Friday, June 12, 2009


A week ago, nothing was planned. But this Friday, in my personal circle, turned out to be a day of celebration. In the Antipodes, it was a matter of bidding farewell to my brother Don. Here in the corner of France where I live, my Choranche neighbors Tineke Bot and Serge Bellier invited me to celebrate the spring opening of their floral park, Rochemuse, which had taken place last weekend.

I had written them a small text in French, which I have translated here:


In the setting of the Rochemuse park, on the slopes of the Royans at Choranche, the terra concept can be declined in several ways. A gardener working the limestone soil of the Vercors might consider that a small error has slipped into Genesis. Surely, in the beginning, God created the heavens and the rocks. Long afterwards, petra gave rise to terra under the effects of time and nature. Then the first farmers arrived on the scene—quite recently here, merely six millennia ago—to plant crops and graze animals upon the earth of Eden.

In the name of the park, Rochemuse, the rock (roche) is the gigantic cliff that overhangs the circus of Choranche. As for the muse, she presides over the poetry of this place, inspiring Tineke Bot in the creation of works of sculpture that visitors encounter in every corner of the park.

The archaic alluvial deposits of the Bourne on the slopes of Choranche and Châtelus, referred to as terraces, were formed in the Quaternary era, when the river burrowed violently into the gorges surrounded by beige-colored limestone cliffs described by geologists, in French, as Urgonien. The soil on the slopes, full of fragments of stones called marne (which gardeners have to remove constantly), is not particularly rich. However the vegetation on this exceptional terrain has been taking advantage, for countless millennia, of the heat energy accumulated and then radiated by the cliffs, which endows the site with a Mediterranean micro-climate that encourages the blooming of wildflowers and shrubs.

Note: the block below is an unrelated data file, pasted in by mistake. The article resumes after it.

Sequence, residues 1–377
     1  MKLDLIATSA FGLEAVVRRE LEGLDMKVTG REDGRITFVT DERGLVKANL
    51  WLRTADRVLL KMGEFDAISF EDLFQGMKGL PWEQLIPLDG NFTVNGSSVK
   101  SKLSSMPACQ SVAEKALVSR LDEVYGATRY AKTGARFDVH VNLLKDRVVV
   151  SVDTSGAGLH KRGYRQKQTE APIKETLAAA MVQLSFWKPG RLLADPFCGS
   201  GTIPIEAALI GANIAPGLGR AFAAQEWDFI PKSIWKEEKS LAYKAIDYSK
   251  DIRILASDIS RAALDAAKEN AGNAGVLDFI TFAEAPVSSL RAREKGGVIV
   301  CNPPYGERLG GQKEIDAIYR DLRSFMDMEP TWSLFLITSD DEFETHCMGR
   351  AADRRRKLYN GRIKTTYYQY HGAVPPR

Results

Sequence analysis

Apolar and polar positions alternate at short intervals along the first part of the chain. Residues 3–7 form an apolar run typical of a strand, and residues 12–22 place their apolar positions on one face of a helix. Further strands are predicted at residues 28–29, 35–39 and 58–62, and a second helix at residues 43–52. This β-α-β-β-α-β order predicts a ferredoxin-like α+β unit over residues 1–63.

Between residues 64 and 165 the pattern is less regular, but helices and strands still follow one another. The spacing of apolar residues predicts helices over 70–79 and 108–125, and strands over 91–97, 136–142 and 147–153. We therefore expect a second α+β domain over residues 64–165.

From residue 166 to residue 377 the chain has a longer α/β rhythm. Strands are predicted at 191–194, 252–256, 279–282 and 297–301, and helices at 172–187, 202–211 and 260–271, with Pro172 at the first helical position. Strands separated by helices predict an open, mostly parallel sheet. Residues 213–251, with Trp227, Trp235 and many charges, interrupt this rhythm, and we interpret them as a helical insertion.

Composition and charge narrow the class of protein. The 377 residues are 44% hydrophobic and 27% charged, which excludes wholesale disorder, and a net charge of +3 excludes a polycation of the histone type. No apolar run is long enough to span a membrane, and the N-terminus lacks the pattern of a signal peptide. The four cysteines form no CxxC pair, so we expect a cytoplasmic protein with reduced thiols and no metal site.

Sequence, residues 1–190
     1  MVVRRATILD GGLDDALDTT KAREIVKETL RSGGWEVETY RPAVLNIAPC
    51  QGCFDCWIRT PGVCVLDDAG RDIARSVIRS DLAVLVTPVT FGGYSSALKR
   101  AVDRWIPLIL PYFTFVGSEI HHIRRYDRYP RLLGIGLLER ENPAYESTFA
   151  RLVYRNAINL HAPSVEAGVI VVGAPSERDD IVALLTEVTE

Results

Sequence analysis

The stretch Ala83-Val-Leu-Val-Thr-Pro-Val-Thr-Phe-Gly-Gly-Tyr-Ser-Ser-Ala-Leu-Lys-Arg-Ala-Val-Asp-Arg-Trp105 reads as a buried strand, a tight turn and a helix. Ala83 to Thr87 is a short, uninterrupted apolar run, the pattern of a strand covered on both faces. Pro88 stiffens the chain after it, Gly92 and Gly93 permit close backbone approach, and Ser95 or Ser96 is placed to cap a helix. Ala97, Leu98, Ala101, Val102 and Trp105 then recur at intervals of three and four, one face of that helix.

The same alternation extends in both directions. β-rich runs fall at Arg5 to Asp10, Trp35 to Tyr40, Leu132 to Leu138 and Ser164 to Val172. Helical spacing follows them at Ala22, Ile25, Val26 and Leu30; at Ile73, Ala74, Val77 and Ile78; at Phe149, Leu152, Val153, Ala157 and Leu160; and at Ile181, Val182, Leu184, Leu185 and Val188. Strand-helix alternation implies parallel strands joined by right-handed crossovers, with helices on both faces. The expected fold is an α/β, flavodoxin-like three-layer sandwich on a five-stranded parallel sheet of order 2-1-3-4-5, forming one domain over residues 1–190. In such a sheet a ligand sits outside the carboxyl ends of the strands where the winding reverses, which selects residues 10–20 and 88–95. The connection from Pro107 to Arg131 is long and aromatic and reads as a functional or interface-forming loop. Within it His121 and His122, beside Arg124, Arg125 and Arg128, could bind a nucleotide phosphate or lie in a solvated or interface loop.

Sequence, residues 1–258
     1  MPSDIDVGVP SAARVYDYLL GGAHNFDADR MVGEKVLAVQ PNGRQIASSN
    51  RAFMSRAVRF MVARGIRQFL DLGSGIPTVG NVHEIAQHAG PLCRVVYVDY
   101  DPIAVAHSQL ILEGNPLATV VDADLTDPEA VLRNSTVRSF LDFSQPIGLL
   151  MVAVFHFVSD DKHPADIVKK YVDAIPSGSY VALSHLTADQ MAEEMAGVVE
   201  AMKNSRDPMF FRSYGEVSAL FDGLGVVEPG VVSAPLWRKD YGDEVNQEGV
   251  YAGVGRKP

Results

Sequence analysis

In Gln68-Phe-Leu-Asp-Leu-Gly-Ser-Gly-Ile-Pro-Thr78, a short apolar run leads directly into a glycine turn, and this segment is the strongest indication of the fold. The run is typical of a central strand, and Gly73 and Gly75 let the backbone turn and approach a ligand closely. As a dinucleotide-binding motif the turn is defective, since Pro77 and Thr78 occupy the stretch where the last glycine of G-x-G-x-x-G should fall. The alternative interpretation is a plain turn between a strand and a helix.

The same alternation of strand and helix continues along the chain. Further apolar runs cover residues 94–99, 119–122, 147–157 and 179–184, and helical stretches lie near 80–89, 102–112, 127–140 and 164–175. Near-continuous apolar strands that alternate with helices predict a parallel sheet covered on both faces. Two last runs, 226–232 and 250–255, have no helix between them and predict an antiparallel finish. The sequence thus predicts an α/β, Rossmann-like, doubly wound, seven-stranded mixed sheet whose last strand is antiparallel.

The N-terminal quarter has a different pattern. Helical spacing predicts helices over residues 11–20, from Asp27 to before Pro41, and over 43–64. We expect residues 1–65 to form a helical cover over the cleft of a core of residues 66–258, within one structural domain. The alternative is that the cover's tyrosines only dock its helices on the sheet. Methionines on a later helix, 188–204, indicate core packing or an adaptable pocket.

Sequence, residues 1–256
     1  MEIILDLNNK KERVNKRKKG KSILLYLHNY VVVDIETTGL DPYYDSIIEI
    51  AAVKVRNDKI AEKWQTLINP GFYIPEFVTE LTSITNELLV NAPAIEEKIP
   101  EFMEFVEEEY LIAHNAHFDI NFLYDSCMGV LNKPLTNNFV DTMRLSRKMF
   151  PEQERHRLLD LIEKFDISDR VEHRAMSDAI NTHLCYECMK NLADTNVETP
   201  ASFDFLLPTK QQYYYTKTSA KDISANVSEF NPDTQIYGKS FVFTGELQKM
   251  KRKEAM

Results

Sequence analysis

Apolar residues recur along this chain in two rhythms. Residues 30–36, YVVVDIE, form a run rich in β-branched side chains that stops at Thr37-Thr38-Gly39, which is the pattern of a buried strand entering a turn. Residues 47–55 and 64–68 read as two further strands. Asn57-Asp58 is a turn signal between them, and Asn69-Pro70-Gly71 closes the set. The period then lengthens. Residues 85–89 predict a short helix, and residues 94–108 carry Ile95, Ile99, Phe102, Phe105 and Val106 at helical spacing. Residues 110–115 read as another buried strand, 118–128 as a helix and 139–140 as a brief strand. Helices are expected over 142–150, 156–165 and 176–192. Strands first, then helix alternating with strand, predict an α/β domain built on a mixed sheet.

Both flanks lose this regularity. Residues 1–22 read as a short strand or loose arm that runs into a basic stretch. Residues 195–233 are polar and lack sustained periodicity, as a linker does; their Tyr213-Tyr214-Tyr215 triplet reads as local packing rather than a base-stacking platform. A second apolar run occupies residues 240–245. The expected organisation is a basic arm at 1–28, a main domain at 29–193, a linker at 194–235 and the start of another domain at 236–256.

Ever since the Middle Ages, the Choranche territory (to use another declension of terra) was dedicated primarily to grapevines, producing a highly-reputed wine.

At the castle in Sassenage, a territorial survey written in medieval Latin in the middle of the 14th century, referred to in modern French as a terrier, describes in detail the ancient vineyards of Choranche. That wine industry declined when the monks were chased away after the French Revolution, then the phylloxera disease ravaged the vineyards in the latter half of the 19th century.

To create Rochemuse, terra had to be accompanied by aqua. Thanks to an archaic spring, the park was able to come into existence. The forms of its creation were inspired, naturally, by the environment, which is magnificent and magic at Choranche.

To thank me for writing this simple evocation of their glorious park, incorporated into their brochure for last weekend's opening, Tineke and Serge insisted upon taking me out for lunch today. I wondered, for a moment, whether they intended to cheer me up after my brother's death... but I believe that the timing was purely serendipitous.

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